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Notable Variation Exists in the Treatment of Serious VTE Events in Pediatric Leukemia

Notable Variation Exists in the Treatment of Serious VTE Events in Pediatric Leukemia

Among hematology, oncology, and bone marrow transplant practitioners, notable variations in practice regarding the treatment of serious venous thromboembolism (VTE) events, pulmonary embolism (PE), and cerebral venous sinus thrombosis (CVST), were noted in children with leukemia, according to survey results presented at the Thrombosis & Hemostasis Summit of North America (THSNA) 2020 Virtual Conference.

The findings were presented by Melanie Degliuomini, MD, of the Weill Cornell Medicine Department of Pediatrics in New York, New York, and colleagues.

“VTE is a known complication in pediatric leukemia patients; severe events, such as PE, and CVST are unfortunately known to occur,” said Dr. Degliuomini. “Management guidelines are currently lacking with the majority of treatment guidance coming from adult literature and noncancer-specific pediatric literature.”

The investigators questioned, “How are physicians managing PE and CVST in children with leukemia?”

To gain insight into common practices, the team performed an anonymous cross-sectional survey of pediatric hematology or pediatric hematology/oncology members of the American Society of Hematology (ASH), and the pediatric subcommittee of VTE Network of the Hemostasis & Thrombosis Research Society (VENUS) using an online survey tool (Qualtrics). Survey questions covered 2 primary areas for both PE and CVST: the duration of therapy and repeat imaging.

The investigators sent 870 surveys and achieved a response rate of 17.7% (154/870). After excluding 12 surveys based on predetermined exclusion criteria, 142 surveys were included in the final analysis. Of the respondents, 52% were from hematology practices and 13% were from oncology practices, while 28% were from combined practices and 7% specialized in bone marrow transplant.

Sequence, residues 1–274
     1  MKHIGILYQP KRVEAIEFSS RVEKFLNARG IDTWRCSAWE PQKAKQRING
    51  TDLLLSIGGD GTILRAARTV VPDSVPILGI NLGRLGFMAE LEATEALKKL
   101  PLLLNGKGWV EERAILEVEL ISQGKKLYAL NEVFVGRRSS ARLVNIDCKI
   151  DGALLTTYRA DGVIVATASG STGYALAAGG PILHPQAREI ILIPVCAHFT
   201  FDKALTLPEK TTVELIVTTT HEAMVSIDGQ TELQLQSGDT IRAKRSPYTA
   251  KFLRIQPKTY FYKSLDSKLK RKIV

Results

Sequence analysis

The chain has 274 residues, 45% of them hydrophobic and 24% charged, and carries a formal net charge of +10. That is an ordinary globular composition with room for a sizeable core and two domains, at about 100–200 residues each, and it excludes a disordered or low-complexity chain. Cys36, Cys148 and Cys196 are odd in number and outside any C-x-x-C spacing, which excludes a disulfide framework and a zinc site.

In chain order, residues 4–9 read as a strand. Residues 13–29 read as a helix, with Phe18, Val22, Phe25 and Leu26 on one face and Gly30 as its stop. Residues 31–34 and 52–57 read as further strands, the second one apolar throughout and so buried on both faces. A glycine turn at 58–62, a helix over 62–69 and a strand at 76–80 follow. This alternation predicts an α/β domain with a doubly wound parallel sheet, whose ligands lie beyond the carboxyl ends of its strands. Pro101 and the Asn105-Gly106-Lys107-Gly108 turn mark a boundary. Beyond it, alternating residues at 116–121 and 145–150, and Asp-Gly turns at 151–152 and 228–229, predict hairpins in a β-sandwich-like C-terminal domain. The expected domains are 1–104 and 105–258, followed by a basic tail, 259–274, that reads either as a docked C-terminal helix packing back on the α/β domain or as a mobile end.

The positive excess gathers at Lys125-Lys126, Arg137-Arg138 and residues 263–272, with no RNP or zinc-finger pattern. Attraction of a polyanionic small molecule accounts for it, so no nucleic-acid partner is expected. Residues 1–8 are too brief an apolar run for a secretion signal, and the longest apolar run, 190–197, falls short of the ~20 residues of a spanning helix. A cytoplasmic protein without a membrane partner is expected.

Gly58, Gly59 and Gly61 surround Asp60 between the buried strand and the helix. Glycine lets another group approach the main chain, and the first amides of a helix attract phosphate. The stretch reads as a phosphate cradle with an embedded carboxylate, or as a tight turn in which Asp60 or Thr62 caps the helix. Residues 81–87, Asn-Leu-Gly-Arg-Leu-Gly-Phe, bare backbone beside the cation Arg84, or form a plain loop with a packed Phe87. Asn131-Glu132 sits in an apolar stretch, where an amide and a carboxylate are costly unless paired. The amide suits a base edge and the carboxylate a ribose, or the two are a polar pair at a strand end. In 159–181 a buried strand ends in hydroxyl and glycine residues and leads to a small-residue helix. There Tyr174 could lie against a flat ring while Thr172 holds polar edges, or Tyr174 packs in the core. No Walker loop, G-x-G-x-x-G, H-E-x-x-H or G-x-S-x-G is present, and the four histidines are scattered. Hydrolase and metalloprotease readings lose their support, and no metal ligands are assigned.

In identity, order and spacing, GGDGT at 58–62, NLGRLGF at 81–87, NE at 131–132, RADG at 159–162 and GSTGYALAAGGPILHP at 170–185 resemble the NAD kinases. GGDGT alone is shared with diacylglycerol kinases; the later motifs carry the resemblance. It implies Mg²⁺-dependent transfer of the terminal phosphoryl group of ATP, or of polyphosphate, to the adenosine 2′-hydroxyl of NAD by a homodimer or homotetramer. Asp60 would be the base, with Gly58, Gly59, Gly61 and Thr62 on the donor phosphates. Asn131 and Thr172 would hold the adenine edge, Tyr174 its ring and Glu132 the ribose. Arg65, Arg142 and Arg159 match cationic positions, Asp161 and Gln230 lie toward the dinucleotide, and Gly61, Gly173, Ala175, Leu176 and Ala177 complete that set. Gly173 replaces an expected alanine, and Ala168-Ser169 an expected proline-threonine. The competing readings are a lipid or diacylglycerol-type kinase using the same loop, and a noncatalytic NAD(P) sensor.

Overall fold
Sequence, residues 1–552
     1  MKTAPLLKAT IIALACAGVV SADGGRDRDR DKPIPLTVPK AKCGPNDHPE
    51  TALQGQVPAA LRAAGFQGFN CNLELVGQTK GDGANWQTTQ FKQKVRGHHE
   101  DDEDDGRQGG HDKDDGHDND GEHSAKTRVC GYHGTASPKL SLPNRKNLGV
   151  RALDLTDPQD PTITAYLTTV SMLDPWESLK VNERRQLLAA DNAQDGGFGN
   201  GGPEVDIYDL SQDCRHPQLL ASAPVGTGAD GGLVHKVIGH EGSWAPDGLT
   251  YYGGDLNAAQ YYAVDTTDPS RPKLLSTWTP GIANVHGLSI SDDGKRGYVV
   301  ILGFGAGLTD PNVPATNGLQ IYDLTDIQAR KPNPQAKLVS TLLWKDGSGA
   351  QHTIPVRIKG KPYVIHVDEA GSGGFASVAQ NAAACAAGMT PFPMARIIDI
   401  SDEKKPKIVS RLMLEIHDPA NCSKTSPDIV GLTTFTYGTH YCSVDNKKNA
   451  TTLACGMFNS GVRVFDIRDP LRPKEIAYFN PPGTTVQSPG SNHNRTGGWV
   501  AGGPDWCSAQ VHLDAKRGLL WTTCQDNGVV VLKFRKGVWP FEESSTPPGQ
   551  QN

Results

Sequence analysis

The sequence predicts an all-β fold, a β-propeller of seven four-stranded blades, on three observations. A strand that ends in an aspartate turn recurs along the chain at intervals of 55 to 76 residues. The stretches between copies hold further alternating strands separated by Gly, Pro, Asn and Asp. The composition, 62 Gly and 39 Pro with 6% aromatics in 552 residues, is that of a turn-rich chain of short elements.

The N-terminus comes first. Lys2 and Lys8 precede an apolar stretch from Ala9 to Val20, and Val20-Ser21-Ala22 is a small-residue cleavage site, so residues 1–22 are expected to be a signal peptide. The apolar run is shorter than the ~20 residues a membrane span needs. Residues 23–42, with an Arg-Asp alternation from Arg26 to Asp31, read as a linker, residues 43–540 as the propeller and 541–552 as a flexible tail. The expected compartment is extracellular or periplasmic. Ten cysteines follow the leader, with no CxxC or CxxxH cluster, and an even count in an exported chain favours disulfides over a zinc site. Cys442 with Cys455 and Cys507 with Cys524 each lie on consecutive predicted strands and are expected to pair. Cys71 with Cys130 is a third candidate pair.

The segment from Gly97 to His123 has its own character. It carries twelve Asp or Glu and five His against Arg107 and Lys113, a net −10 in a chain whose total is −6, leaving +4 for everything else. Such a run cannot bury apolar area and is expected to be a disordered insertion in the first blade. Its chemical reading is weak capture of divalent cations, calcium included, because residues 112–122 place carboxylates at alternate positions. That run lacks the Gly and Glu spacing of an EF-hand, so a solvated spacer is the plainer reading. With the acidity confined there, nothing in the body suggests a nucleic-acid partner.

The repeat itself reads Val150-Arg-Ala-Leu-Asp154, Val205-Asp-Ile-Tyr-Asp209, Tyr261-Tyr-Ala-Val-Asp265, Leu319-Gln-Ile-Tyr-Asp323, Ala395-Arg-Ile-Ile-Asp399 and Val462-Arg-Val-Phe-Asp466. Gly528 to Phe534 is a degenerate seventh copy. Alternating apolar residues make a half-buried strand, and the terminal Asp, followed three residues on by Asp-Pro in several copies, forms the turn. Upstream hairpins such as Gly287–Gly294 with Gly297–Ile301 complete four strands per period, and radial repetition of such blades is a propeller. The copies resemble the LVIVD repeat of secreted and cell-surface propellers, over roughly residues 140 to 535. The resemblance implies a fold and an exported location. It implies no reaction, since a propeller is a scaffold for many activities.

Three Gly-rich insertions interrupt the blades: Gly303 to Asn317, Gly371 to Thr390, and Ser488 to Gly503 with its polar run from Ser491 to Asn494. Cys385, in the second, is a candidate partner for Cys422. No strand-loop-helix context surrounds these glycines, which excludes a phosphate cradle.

Regarding the duration of therapy for PE (133 responses), 40% of respondents reported treatment for 6 months, while 29% reported treatment for 3 months, and 10% reported treatment until the end of asparaginase therapy. However, some physicians reported treating PE until the end of cancer treatment or until central venous catheter removal.

Concerning repeat imaging of PE (131 responses), most respondents performed repeat imaging prior to stopping anticoagulation (66%). Of the respondents who performed repeat imaging (85 respondents), 39%, 41%, and 13% reported reimaging at 6 weeks, 3 months, and 6 months, respectively. Approximately half of the respondents (51%) required complete PE resolution before stopping anticoagulation.

Concerning the duration of therapy for CVST (131 respondents), 40% treated patients for 3 months, while 24% treated patients for 6 months and 15% treated patients until the end of asparaginase therapy.  A large majority of respondents (95%) repeated imaging of CVST before stopping anticoagulation and of those (122 respondents), 39%, 50%, and 3% repeat CVST imaging at 6 weeks, 3 months, and 6 months, respectively. Only 39% required complete CVST resolution prior to stopping anticoagulation.  

Limitations of the study included the low response rate and unanswered questions on some surveys.

“[T]here is notable variation in the management of PE and CVST in children with leukemia, including treatment duration and use of imaging,” concluded Dr. Degliuomini. “The development of prospective studies focused on the management of these high-risk clots in pediatric cancer patients is crucial to driving the development of standard guidelines for the pediatric hematology-oncology community.”

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